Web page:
Advertisement

  • News
  • Columns
  • Interviews
  • BW Communities
  • Events
  • BW TV
  • Subscribe to Print
  • Editorial Calendar 19-20
BW Businessworld

Europe Needs Some Repairs

Photo Credit :

I wrote in the last issue of the way david cameron has been courting the bashful Indian damsel for three years without success. I forgot to mention that Britain is no virgin. In fact, it has had a centuries-old liaison with the US; and it has been living in a collective live-in relationship with other members of the European Union for half a century. One would have thought that all its needs would be satisfied by one or the other of its partners. But its affair with the European Union has been especially rocky. It is worth following its gripes, for it may teach us something about the troubles we may have if India signs a Free Trade Agreement with the EU.
 
India has already had some taste of the difficulties in respect of pharmaceuticals. Basically, EU’s intellectual property laws favour patentors, while India reserves the right to override patents in public interest. Indian pharmaceutical producers produce drugs with expired patents. Big pharmaceutical companies try to prevent that by evergreening patents; the Indian government refuses to register such patents. Indian drug producers have built up a sizeable export business; but when they have tried to export to or through Europe, they have faced trouble. So have they when they tried to buy pharmaceutical companies in Europe. Basically, India’s and EU’s national interests conflict in respect of patents. China has been branded robber of intellectual property in industrial countries. India has not been so targeted largely because our companies are not so good or so active in technology acquisition. But they would have the same trouble if they got better.
 
We should be aware that there is potential for such conflict also in chemicals, processed foods, insurance, finance and automotives. EU has its REACH —Regulations on Registration, Evaluation, Authorization and Restriction in Chemicals — which create much red tape for exporters to the Union.  So do its rules about value-added tax.
 
Some of the hurdles will not affect our companies because India is even more bureaucratic than the EU. Bank charges on credit and debit cards are not particularly high; but their use is so restricted in India that they are hardly used for international trade and investment. British firms are used to paying for imports by credit card. They find that fees on a single transaction can go up to 2 per cent in some countries. Indian travellers too should be careful; they can end up paying heavily on credit card transactions in Europe.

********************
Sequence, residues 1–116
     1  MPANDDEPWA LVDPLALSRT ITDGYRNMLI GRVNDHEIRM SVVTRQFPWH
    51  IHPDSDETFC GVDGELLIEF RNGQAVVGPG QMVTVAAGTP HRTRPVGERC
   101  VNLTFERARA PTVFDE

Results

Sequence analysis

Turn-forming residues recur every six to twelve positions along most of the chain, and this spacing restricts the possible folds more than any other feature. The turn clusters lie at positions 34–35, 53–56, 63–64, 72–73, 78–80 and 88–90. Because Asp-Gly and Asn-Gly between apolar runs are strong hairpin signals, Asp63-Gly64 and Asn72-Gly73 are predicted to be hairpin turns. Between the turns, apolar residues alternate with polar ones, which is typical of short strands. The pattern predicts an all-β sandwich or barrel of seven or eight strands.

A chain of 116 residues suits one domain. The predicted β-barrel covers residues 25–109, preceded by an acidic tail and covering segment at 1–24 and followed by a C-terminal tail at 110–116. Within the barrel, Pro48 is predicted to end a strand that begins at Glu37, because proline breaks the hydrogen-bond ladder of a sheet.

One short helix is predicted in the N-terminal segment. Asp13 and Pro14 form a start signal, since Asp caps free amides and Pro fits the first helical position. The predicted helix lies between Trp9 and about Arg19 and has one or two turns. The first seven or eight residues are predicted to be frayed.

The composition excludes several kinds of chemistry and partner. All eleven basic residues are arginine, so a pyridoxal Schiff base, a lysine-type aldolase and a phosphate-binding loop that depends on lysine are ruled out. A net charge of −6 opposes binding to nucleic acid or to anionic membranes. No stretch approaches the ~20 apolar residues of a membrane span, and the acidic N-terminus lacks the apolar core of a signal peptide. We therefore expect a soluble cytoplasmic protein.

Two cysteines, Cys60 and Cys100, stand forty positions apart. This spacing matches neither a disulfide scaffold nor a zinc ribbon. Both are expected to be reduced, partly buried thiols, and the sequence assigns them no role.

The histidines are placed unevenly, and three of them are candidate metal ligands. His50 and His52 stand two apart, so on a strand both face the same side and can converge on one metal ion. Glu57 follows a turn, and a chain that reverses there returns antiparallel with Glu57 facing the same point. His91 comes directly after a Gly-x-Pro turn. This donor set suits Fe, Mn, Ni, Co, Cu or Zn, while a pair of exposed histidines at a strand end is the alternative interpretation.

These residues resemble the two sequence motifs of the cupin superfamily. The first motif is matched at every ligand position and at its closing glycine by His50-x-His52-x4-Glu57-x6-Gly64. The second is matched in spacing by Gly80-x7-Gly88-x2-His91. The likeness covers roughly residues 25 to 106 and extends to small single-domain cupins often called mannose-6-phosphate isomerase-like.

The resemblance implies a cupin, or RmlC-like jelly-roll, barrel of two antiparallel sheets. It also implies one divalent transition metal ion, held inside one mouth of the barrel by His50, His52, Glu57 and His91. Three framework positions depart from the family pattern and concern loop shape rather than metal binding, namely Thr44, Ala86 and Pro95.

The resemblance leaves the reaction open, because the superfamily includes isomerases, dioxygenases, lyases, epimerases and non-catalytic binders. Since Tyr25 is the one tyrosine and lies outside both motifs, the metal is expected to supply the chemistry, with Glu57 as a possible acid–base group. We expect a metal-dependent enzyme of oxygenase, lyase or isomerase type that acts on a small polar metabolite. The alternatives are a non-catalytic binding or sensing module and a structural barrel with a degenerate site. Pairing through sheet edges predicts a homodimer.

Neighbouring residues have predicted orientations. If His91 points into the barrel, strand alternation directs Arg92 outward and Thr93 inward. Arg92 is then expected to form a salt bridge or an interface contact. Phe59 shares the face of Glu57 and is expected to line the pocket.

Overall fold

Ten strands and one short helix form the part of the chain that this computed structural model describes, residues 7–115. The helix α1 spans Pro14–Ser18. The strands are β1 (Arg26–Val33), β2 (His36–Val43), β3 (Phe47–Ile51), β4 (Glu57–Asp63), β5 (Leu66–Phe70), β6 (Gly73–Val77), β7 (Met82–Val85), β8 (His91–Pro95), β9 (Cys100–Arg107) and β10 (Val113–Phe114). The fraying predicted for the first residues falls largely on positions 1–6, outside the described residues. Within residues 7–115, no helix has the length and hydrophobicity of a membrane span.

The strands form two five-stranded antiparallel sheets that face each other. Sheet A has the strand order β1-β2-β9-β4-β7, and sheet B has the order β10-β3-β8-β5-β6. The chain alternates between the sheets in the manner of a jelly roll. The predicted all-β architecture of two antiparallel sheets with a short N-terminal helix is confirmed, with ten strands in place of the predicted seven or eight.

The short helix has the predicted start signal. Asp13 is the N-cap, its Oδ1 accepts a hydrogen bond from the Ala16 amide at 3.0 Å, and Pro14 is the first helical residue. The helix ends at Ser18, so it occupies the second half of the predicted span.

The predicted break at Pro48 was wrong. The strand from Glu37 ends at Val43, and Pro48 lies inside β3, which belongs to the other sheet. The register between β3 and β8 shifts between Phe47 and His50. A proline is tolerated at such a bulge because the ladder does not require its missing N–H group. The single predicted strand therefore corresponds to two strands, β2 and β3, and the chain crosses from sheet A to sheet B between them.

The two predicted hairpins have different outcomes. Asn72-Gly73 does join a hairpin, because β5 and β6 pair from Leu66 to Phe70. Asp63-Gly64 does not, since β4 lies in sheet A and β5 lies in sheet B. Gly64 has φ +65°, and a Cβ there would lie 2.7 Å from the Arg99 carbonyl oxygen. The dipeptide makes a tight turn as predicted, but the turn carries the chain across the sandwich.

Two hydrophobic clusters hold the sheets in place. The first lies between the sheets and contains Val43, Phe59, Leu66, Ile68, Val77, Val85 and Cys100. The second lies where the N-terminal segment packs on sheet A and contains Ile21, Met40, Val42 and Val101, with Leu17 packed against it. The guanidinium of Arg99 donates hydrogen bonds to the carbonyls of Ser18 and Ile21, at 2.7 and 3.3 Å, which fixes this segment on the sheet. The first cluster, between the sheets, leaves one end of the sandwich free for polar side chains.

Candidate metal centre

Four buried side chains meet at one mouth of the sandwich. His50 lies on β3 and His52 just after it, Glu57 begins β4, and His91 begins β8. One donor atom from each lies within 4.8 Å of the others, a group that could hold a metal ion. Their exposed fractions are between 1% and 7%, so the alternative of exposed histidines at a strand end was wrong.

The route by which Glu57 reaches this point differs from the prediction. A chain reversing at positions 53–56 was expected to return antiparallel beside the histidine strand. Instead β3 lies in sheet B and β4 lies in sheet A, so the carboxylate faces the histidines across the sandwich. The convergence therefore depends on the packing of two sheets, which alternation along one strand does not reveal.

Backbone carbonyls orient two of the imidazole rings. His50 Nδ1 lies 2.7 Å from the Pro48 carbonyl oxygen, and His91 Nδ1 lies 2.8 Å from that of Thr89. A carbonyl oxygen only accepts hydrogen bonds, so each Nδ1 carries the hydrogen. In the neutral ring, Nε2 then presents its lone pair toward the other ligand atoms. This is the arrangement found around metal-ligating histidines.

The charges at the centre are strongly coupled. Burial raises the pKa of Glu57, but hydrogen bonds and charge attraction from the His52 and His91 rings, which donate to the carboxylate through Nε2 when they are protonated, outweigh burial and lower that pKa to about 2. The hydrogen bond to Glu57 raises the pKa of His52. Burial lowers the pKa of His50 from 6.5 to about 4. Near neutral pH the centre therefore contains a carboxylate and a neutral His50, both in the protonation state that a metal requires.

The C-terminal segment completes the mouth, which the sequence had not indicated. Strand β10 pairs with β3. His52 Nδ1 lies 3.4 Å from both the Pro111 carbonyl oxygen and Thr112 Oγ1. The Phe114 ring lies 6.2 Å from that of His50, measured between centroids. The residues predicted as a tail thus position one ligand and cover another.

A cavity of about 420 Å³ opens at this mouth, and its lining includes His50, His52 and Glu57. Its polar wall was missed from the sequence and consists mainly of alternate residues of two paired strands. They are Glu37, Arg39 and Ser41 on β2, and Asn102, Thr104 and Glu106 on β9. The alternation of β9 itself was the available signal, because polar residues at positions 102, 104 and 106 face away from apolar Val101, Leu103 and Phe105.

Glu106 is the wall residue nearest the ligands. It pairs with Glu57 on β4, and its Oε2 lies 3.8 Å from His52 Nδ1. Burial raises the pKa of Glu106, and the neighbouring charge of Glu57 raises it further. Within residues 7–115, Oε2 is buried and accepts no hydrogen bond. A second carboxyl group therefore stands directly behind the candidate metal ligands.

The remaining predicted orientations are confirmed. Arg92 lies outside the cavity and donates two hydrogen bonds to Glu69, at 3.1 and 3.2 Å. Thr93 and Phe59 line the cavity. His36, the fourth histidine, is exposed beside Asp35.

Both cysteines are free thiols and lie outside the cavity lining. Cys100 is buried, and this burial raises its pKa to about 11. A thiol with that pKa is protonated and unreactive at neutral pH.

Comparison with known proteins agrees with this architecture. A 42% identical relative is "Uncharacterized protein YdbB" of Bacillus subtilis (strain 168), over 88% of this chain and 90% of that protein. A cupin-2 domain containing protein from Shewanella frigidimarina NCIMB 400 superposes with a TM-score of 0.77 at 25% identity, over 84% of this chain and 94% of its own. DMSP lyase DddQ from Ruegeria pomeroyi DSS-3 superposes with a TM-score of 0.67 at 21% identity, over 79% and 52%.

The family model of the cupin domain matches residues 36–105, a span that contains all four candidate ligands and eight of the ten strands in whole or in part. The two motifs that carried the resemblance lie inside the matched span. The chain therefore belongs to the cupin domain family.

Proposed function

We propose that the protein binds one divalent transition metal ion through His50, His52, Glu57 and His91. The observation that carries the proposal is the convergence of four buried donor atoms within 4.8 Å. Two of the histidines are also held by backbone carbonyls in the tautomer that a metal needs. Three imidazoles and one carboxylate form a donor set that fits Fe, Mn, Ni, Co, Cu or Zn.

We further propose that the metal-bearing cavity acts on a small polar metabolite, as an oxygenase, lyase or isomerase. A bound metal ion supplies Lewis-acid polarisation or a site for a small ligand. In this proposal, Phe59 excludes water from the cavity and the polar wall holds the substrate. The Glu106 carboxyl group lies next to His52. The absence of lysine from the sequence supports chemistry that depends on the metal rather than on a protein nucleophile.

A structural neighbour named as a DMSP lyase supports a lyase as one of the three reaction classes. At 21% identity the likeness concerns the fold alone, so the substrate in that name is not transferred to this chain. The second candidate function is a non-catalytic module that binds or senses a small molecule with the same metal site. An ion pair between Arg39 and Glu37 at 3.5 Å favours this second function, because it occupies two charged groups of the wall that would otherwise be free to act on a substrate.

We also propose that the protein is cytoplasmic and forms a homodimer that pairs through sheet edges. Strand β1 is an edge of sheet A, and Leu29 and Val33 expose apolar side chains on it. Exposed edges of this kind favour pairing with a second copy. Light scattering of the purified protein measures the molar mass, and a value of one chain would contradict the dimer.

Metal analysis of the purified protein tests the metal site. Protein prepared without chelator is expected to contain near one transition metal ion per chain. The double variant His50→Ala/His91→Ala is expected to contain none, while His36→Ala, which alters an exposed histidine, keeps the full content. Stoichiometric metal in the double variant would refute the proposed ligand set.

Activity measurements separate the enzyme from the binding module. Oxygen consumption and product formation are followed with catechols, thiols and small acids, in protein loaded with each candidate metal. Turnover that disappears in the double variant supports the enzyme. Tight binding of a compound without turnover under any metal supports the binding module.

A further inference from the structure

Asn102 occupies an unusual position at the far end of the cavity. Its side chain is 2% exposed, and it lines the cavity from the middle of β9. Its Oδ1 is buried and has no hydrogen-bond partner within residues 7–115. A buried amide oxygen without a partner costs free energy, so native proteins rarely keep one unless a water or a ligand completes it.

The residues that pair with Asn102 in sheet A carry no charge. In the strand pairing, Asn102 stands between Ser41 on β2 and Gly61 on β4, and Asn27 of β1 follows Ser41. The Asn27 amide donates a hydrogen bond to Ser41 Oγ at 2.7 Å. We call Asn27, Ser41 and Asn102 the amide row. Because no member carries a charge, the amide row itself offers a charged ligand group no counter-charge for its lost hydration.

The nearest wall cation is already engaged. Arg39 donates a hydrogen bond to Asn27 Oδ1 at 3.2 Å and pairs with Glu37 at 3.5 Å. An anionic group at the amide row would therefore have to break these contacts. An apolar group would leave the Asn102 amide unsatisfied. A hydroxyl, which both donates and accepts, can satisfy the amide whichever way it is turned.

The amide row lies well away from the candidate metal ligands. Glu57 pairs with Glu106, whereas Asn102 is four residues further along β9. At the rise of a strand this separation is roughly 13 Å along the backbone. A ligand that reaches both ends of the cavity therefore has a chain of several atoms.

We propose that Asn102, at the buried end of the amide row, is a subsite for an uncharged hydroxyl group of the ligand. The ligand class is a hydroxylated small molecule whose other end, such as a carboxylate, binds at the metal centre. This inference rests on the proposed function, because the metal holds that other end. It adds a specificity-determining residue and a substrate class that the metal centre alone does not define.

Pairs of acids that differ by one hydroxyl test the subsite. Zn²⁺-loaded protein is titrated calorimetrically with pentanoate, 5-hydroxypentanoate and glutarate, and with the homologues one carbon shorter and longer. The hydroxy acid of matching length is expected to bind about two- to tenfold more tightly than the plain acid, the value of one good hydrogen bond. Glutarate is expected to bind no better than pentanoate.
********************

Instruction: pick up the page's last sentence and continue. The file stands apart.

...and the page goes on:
The EU is keen on country-of-origin rules; it would like to modulate its import restrictions on the basis of how far regulations in other countries fall short of its own. The Europeans keep making a case for the restrictions by publicising impurities found in our exports. Since India is nowhere close to the EU in the scope and strictness of regulations, its exports would face the worst restrictions. Our small exporters of, say, pepper or mangoes would find it impossible to meet the restrictions. All that an FTA would do is to extend the reach of such restrictions. Unfortunately, India is crazy about signing FTAs with all and sundry; so India’s exports are already riddled with red tape. No wonder we cannot pay our way in trade.
 
So, possibly, India is perfectly competitive with the EU in bureaucratic rigmarole, and may not have the same complaints about its red tape as Britain. But Indian bureaucrats should read the British businessmen’s report on European red tape to learn what red tape they could do without. The government could go further and ask the same businessmen to make a similar report on Indian red tape. If Cameron is keen on developing closer ties with India, he will also be interested in making India more friendly to British businessmen and traders. And if it becomes friendlier to them, it will become friendlier to our own businessmen. We have topped world tables of most bureaucratic countries for years; it is time we made an effort to climb down the ladder. And we can come down faster with some help from abroad.   

The author is Consultant Editor of Businessworld.

[email protected]

(This story was published in BW | Businessworld Issue Dated 30-12-2013)